The Israeli airline El Al has added itself to the list of air carriers refusing to transport monkeys for medical research.
In this June 18 letter, a spokesman for El Al writes: “El Al will not fly monkeys meant to be used for experiments. Period.” (An English translation of the letter is available here.)
The letter, to Jonathan Shpigel, a lawyer with the Israeli animal-advocacy group Let the Animals Live, follows an Israeli Supreme Court ruling earlier this month that is covered in detail in this article in the Israeli newspaper Haaretz.
In the ruling, the country’s high court said that an Israeli breeding facility could not export wild-caught monkeys to the United States, although it could continue to export captive-bred animals. The B virus Free Cynomolgus (BFC) monkey Breeding Farm near Tel Aviv — popularly known as Mazor Farm — had planned to ship 50 wild-caught animals to Shin Nippon Biomedical Laboratories in Everett, Washington, along with 40 captive-born macaques.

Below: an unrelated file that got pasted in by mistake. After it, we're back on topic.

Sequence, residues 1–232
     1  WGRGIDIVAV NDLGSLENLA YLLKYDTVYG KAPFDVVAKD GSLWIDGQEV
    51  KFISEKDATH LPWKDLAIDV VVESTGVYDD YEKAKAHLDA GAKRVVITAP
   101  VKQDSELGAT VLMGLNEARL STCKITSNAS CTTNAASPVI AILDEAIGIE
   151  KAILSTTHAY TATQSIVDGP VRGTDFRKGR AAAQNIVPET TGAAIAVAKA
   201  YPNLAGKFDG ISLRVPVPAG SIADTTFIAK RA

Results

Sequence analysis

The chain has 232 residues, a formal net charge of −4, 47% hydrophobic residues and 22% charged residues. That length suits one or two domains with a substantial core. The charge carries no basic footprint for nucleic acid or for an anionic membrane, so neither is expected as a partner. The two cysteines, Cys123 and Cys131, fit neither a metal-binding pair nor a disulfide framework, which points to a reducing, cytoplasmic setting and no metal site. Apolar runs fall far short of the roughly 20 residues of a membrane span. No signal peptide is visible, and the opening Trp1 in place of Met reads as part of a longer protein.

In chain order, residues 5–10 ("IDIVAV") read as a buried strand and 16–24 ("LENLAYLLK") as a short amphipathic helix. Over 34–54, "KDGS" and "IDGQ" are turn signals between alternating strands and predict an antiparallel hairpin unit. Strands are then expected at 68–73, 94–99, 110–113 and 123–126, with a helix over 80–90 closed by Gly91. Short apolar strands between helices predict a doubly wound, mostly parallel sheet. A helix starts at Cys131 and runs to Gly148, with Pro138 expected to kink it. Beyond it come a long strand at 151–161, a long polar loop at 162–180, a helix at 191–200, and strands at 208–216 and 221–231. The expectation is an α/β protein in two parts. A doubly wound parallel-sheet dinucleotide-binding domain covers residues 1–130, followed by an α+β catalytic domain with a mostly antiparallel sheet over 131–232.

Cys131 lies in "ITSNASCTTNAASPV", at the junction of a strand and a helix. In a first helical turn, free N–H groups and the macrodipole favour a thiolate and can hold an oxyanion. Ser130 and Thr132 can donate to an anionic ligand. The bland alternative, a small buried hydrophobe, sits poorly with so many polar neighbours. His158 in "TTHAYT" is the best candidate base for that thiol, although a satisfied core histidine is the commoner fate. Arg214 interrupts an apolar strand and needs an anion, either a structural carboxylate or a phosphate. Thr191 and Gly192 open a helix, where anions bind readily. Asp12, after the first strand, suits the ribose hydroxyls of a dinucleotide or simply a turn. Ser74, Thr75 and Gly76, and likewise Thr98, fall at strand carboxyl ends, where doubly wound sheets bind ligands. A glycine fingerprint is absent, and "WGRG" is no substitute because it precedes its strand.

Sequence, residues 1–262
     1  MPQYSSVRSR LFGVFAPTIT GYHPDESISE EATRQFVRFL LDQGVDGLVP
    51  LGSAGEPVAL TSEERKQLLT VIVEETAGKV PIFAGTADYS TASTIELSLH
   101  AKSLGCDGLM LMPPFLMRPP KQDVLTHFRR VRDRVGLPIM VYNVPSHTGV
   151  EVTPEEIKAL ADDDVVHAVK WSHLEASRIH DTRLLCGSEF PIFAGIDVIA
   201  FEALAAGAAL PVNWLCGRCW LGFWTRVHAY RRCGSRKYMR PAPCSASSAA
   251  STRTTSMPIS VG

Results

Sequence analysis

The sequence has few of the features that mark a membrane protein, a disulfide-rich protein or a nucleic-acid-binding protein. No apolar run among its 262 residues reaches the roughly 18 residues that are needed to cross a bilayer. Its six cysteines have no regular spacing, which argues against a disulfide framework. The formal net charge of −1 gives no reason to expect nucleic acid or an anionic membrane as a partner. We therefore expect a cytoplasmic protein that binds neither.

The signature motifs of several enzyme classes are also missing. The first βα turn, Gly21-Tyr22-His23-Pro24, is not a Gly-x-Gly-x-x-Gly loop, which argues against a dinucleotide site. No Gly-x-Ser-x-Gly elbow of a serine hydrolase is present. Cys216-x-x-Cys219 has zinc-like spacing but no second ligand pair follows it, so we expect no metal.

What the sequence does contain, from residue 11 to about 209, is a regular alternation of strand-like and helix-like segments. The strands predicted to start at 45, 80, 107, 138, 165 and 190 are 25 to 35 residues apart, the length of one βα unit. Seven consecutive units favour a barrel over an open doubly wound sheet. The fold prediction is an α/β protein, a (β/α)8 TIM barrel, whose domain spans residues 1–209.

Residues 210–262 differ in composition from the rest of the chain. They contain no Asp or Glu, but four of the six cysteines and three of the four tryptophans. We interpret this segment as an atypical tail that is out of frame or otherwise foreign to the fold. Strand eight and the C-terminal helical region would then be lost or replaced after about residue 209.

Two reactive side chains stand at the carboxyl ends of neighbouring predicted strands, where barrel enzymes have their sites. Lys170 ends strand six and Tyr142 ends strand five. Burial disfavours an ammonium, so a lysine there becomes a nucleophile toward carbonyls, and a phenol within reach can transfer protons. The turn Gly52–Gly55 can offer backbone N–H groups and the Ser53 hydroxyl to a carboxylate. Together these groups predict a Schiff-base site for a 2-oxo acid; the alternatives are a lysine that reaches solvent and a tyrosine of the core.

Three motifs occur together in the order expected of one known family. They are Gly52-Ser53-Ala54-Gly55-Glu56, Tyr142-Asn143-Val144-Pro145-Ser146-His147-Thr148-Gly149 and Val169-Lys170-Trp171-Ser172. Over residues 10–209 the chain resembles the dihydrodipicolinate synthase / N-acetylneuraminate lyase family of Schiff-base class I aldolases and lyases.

However, Mazor Farm had been relying on El Al to do the shipping.
After the Supreme Court decision, activists worldwide, including People for the Ethical Treatment of Animals, mounted an intense campaign to pressure El Al not to ship the remaining animals. On 18 June, El Al wrote the letter to Shpigel saying that it would no longer transport monkeys.
A similar commitment to stop transporting research primates had been made by El Al in this letter of October 2010. This time, says Shpigel, “The significant thing would be if they would stick to it.”
Neither El Al officials nor a lawyer for Mazor Farm could be reached for comment on Friday afternoon in Israel. This blog will be updated with any responses that the airline or the breeder provide in the coming days.
Shin Nippon Biomedical Laboratories was also affected in February when activists grounded an Air France flight of 60 monkeys bound from Mauritius to the US facility.
Image credit: Adrian Pingstone